About that TSMC logo: does it suggest precision or even competence? I think it suggests an engineer knocked it out in an afternoon.
Edited by Flaneur - 3/14/13 at 7:12am
post #14 of 18
Quote:
Originally Posted by Flaneur View Post

About that TSMC logo: does it suggest precision or even competence? I think it suggests an engineer knocked it out in an afternoon.


Is it a silicon wafer with 11 out of 216 complete chips being bad? Nothing about it is visually appealing.

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post #15 of 18
Quote:
Originally Posted by Flaneur View Post

Hah. Actually you can learn more real stuff from the average streetwalker.
Interesting that you should say that. Some years ago I err ran into a stripper that knew more about what was going on at the company I worked for than I did. We are talking a very high level. I'm not sure if she had a side job or just good connections but she was right on the money a few weeks down the road. Strange too was that she was very well educated and intelligent compared to your average dancer. Far too rational to be a reporter that is for sure.
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I have to say, though, that the AI reporters do a better job with Apple-centric subjects than the average NYT, WSJ or NPR reporter. This comes mostly from knowing the subject better.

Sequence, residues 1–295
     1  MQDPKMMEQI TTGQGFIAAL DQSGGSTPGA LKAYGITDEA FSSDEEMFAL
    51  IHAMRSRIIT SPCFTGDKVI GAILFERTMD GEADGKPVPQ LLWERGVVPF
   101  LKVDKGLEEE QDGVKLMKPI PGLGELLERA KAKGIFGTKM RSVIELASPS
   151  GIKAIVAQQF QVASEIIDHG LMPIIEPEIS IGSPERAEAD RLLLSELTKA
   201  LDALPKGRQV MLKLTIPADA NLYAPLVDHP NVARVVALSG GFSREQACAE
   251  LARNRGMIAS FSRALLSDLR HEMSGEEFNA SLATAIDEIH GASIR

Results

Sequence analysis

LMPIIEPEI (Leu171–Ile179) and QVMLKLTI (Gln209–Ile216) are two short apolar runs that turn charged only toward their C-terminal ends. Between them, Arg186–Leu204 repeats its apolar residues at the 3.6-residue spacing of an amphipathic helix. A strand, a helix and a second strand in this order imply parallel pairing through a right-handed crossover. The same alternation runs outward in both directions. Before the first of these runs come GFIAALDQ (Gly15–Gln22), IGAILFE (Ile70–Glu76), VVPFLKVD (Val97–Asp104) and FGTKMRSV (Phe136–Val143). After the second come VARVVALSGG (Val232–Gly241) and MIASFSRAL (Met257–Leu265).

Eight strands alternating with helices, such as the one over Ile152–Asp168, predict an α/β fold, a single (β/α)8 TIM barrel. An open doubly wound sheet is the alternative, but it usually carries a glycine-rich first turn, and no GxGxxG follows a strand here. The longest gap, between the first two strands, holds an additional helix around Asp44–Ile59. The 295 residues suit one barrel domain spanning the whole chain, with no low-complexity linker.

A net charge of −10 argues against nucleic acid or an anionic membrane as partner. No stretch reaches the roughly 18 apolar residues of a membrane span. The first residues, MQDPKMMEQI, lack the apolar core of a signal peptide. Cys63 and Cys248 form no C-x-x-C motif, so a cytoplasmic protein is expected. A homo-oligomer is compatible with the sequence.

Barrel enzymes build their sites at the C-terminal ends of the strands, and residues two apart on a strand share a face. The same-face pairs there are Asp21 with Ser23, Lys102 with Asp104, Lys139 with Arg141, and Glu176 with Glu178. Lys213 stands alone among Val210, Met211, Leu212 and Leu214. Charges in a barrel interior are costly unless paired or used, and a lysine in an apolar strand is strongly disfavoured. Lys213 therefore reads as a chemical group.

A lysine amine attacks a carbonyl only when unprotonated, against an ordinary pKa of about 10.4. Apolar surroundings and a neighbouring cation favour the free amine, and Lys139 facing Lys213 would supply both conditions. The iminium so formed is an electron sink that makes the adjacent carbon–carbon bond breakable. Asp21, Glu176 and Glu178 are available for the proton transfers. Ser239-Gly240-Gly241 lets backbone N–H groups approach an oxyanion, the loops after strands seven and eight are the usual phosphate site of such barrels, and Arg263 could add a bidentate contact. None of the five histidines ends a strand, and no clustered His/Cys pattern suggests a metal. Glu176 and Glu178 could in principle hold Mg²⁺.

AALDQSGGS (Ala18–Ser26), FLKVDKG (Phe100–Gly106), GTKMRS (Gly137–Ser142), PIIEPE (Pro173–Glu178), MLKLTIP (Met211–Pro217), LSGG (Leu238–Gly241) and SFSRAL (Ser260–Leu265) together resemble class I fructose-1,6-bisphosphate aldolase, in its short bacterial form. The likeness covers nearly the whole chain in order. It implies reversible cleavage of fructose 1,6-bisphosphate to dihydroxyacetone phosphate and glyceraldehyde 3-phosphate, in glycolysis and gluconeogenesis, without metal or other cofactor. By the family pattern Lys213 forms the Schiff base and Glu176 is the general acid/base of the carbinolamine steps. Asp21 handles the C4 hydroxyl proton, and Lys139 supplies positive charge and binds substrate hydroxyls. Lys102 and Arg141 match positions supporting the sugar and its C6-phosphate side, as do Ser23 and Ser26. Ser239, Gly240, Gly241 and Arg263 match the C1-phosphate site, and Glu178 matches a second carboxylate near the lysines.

I see this all the time, be it ignorance about gun control, reporting on corporations in industries they have no understanding on, twisted reporting to back what ever editorial agenda the rag has and just general stupidity as a human. It gets especially bad with technology be it climate, semiconductors or oil exploration, sometimes you have to wonder just how gullible people are. Even less excusable are blatant screw ups in technical magazines, here the standard is much higher than the average media editorial but you often see a strained effort to report on things that are obviously beyond the authors understanding.
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The first course in journalism schools ought to be Humility Before the Truth 101. Instead the schools and the job itself tacitly teach arrogance born of ignorance.
Yet millions buy into whatever is in print. There is still this mentality that if it is in print it must be true. Of course those people aren't much more intelligent than the reporters.